UBC Graduate Research

Towards a Brighter Fishing Future: Social and Economic Indicators to Measure Outcomes of the T'aaq-wiihak Fisheries Merritt, Annie


This report has been written to support the efforts of the Ahousaht, Tla-o-qui-aht, Hesquiaht, Ehattesaht/Chinehkint, and Mowachaht/Muchalaht Nations to re-establish the T’aaq-wiihak fisheries, whereby the Nations’ fishers are granted permission to fish by their hereditary chief. The development of these fisheries has followed from the recognition of the Aboriginal rights of these Nuu-chah-nulth Nations to harvest and sell fish from their territories in the waters off of the West Coast of Vancouver Island (WCVI). The purpose of this document, which was prepared for the Nuu-chah-nulth Tribal Council, is to develop a set of social and economic indicators for monitoring the outcomes of the T’aaq-wiihak fisheries. In the near term, this indicator suite may be used to navigate ongoing negotiations surrounding the terms of the fishery. In the long-term, it may also be used by the T’aaq-wiihak Nations as a tool used for informing decision-making and management. To contribute towards the development of an indicator suite, this report answers the following questions: 1) what key community objectives are held by fishers, fishery managers, and other members of the T’aaq-wiihak Nations, and how can these be translated into locally suitable socio-economic indicators? 2) What are the best practices regarding the use of indicators for monitoring social and economic variables in the fishery indicator literature? An integrative approach is taken to indicator development, combining top-down, literature based methodologies with bottom-up, community-driven methodologies in order to arrive at a set of indicators that are cost-effective, theoretically sound, and consistent with T’aaq-wiihak Nation members’ values and priorities.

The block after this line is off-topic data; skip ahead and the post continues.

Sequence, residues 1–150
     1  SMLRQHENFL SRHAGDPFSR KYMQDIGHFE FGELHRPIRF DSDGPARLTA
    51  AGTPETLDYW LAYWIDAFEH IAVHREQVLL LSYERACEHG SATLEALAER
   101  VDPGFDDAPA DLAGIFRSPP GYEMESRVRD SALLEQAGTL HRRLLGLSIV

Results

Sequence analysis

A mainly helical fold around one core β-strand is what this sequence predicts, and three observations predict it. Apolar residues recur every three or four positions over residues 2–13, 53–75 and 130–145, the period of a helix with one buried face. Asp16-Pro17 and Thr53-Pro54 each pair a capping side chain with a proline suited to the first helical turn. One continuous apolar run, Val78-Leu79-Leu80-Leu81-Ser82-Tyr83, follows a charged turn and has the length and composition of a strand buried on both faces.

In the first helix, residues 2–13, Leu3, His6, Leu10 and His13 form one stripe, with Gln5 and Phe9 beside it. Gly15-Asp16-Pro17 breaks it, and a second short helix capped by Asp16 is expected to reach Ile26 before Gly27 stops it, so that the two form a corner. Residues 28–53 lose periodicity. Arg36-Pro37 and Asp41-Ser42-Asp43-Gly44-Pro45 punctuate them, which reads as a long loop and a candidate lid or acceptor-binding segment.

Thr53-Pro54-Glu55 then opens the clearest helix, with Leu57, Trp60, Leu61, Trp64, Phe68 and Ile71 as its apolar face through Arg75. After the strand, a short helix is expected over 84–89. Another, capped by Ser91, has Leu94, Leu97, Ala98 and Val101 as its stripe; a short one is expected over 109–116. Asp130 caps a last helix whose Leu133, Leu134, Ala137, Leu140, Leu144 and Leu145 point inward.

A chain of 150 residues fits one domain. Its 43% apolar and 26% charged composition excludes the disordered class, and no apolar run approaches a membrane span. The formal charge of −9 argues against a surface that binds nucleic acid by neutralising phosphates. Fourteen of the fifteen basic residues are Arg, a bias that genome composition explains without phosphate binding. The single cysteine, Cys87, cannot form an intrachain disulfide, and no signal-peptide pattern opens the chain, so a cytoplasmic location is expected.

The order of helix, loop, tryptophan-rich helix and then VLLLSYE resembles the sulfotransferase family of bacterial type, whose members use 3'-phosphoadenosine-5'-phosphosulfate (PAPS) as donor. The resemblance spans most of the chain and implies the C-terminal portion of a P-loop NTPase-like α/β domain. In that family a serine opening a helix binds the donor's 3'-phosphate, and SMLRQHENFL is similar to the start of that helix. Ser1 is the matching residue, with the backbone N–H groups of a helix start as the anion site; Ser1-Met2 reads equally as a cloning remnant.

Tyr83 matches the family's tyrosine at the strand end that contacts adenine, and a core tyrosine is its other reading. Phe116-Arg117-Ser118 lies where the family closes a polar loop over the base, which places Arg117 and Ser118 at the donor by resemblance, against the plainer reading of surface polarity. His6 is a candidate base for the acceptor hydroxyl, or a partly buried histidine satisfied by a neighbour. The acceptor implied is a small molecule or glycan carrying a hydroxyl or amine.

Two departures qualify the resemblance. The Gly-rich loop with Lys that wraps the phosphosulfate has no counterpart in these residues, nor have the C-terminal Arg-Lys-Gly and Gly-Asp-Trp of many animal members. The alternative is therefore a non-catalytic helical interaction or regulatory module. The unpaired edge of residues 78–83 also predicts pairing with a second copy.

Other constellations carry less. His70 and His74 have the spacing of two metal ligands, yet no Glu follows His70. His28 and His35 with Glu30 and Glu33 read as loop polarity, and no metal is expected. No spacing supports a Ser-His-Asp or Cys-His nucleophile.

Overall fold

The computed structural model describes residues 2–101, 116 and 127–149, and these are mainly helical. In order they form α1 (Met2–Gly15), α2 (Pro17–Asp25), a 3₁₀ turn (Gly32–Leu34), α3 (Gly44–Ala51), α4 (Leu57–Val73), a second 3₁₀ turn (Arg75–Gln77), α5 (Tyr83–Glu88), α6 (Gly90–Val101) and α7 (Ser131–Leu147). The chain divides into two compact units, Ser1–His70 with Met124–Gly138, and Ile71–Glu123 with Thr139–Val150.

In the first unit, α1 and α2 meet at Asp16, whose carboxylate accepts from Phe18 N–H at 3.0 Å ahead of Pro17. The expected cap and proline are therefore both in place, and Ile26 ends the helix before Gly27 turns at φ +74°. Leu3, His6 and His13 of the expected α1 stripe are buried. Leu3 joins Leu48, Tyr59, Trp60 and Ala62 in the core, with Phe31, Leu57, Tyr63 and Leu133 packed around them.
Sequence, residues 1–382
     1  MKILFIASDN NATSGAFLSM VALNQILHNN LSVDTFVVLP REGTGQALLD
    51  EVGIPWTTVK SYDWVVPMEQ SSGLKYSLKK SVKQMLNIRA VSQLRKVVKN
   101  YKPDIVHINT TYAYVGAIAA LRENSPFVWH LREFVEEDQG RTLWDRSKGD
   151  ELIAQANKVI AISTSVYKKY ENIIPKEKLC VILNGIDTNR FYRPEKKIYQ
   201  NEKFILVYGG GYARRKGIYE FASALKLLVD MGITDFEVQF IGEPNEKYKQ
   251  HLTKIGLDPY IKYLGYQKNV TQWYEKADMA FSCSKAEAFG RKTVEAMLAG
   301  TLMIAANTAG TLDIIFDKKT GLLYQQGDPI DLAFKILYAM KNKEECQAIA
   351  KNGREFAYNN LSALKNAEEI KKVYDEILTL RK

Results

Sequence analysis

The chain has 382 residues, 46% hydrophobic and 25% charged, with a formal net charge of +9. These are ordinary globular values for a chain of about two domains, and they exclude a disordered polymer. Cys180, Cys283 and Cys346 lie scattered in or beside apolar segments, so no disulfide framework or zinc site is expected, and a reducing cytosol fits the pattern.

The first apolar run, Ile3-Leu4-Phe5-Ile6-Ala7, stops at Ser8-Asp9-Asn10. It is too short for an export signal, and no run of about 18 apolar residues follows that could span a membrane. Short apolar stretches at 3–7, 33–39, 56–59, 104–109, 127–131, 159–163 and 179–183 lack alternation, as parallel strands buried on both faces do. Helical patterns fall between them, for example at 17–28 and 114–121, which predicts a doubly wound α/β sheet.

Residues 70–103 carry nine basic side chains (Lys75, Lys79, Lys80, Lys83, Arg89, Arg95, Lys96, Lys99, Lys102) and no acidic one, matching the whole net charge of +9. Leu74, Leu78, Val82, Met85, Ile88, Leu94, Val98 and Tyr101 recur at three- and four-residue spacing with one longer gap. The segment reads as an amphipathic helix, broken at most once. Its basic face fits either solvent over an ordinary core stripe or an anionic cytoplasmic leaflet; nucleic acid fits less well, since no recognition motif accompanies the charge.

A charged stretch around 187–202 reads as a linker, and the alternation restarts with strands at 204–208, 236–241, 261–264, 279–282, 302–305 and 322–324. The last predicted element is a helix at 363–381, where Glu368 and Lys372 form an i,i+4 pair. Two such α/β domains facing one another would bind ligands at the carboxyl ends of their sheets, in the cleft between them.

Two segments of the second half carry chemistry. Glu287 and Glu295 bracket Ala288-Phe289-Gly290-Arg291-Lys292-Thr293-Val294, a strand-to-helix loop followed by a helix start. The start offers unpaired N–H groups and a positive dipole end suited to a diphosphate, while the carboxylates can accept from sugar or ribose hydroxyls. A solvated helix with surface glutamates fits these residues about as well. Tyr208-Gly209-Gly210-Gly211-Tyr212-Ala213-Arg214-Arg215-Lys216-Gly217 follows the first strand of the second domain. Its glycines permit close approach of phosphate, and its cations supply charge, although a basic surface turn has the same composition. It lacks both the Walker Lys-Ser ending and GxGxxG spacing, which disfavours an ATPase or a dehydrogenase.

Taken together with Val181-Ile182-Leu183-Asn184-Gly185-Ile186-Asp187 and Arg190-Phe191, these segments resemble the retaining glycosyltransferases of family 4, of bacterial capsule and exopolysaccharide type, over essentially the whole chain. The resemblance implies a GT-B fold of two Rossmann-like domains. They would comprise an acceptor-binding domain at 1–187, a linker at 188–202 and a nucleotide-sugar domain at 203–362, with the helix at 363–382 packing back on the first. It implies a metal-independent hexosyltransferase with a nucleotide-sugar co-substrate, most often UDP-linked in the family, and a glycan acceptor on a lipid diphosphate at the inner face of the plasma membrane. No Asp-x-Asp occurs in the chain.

Item Media

Item Citations and Data


Attribution-NonCommercial-NoDerivatives 4.0 International